How to watch the Tau Herculid meteor shower tonight

How to See the Tau Herculid Meteor Shower

NASA says the best time to watch will be around 1 a.m. on the east coast and 10 p.m. on the west coast, with viewers in North America having the best view of the potential display. The American Meteor Society (AMS) adds that the viewing window can be short, lasting only about half an hour.

Still, it’s important to remember that there are no guarantees here. “If the fragments were ejected at speeds greater than twice normal speeds – fast enough to reach Earth – we could have a meteor shower,” NASA said. He adds that Spitzer’s observations published in 2009 suggest that some of the fragments are moving quite quickly. “That’s one of the reasons astronomers are excited.”

If we get a meteor shower, there may be many meteors in the sky, but they won’t be bright. These meteors will be relatively slow moving and somewhat dark. “If the debris from SW3 was traveling over 220 miles per hour when it separated from the comet, we could see a nice meteor shower,” Cooke said in a NASA blog post. “If the debris had slower ejection velocities, then nothing will happen to Earth and there will be no meteors from this comet.”

If there’s anything to see, it’s a good night for a meteor shower, as long as you have clear skies. (Sorry, Upper Midwest.) There’s a new moon, so the moon won’t wash out the weaker meteors.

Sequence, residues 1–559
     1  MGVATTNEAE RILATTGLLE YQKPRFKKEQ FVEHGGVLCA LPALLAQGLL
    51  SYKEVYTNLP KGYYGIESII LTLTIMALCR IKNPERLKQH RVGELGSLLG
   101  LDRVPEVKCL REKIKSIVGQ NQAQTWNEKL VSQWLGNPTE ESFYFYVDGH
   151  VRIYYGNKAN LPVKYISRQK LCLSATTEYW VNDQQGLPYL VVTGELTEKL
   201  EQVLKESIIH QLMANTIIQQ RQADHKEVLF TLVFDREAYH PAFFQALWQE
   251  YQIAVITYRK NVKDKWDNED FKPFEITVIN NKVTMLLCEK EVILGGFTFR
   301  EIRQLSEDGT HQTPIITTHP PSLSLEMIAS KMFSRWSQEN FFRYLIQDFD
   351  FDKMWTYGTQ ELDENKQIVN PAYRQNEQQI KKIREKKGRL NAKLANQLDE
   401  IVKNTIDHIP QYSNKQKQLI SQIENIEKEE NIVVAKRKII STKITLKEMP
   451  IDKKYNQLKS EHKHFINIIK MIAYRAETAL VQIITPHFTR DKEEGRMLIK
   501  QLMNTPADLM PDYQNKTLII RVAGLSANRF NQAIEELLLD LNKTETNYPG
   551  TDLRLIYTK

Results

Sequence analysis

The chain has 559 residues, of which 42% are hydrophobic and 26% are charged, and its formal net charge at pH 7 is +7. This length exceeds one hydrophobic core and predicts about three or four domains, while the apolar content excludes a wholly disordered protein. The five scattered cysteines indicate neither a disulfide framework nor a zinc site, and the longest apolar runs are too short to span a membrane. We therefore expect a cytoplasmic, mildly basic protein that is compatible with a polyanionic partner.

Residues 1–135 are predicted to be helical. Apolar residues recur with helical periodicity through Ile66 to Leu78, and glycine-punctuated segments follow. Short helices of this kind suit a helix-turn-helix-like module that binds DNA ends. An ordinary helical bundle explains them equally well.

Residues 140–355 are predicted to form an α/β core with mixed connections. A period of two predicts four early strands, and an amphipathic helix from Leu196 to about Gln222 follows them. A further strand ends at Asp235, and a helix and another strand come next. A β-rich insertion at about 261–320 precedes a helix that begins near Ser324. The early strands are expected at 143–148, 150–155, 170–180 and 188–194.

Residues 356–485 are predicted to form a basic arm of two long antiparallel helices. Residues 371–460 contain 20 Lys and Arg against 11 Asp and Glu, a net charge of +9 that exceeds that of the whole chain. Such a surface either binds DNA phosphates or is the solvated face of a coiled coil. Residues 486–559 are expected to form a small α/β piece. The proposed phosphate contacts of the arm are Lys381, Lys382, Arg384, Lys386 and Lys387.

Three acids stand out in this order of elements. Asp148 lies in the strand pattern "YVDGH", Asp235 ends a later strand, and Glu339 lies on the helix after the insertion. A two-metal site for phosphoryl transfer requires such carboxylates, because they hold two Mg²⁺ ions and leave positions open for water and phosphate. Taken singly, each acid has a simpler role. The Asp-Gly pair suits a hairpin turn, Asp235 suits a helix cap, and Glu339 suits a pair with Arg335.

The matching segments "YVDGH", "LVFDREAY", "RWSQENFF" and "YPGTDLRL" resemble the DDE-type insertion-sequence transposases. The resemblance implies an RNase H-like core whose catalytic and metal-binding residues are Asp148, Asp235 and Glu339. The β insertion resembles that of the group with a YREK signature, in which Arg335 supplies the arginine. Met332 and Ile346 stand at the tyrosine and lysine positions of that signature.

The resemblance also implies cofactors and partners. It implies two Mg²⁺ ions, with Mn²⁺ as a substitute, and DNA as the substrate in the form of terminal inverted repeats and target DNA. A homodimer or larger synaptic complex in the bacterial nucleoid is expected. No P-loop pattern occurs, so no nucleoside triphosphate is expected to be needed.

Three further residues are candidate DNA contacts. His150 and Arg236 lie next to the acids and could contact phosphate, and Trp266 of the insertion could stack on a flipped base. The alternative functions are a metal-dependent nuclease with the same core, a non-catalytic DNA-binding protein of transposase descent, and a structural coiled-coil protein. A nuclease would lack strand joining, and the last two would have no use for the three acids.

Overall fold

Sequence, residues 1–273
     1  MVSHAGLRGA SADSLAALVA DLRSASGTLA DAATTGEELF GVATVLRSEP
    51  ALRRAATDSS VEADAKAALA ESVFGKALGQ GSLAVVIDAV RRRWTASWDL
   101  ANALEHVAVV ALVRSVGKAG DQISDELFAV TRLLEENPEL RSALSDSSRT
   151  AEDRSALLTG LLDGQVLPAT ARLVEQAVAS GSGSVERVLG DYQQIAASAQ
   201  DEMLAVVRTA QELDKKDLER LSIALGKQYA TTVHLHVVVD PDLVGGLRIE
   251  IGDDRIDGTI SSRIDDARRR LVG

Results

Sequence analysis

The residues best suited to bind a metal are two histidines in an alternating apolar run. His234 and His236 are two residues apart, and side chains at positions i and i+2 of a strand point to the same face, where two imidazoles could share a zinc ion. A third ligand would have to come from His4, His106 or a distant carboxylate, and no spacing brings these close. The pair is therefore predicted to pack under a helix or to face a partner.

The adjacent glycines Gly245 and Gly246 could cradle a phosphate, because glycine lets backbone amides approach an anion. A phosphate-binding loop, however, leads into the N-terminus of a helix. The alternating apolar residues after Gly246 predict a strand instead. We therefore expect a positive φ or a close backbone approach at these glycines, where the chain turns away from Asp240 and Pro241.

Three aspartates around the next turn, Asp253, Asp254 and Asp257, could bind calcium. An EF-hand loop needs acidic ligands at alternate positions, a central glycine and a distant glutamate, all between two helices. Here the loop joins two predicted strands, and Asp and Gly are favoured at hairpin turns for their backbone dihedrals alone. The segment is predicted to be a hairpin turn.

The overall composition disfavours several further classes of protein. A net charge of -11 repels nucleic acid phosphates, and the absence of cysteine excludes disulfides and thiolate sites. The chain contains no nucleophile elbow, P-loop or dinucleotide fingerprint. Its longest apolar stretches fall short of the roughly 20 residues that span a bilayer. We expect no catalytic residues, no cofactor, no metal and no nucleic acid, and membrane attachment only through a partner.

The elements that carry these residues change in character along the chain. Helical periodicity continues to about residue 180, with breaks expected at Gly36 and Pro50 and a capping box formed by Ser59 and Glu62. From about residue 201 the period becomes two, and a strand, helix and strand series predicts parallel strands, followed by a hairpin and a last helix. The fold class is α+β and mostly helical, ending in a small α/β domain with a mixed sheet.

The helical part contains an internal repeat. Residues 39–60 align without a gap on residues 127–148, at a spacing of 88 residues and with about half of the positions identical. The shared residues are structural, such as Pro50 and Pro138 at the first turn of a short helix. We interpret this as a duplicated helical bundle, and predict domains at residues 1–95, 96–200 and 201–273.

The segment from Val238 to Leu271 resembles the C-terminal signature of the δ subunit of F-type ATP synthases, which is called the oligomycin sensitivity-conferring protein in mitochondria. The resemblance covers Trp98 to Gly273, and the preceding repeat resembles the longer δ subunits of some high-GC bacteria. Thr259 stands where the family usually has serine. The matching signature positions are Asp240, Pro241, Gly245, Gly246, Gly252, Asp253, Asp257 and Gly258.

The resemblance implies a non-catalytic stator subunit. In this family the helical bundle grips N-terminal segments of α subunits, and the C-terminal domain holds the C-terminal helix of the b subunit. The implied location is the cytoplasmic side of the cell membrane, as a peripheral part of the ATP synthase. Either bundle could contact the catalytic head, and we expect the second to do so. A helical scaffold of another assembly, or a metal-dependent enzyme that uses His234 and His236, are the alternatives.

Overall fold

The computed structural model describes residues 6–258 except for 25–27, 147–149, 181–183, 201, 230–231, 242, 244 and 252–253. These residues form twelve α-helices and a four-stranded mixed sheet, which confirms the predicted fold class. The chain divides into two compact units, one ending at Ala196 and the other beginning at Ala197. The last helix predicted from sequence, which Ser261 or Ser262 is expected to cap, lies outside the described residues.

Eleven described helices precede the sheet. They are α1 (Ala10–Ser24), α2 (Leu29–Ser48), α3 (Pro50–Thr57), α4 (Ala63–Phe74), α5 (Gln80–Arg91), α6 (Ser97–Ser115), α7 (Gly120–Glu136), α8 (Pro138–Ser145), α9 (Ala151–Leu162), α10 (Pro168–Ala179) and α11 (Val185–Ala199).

To have the best chance of experiencing potential celestial pleasure, you’ll need to be under clear, dark skies. You want to be away from city lights as this rampant light pollution will make it difficult, if not impossible, to see these dark meteors. With such a short window to view the peak of the potential shower, it will be important to find your vantage point long before this window. You want to be prepared and have given your eyes time to adjust to the dark so you can see as many meteors as possible. Our eyes adjust somewhat slowly to darkness, and this adjustment can be altered by looking at a phone or using a flashlight that doesn’t emit red light.

The AMS succinctly sums up the balance of the unknown enthusiastically on its site: “When looking at events like these, don’t expect anything out of the ordinary, but hope for the best!” It might be worth going out and hoping you get a Memorial Day weekend treat tonight.

About Marco C. Nichols

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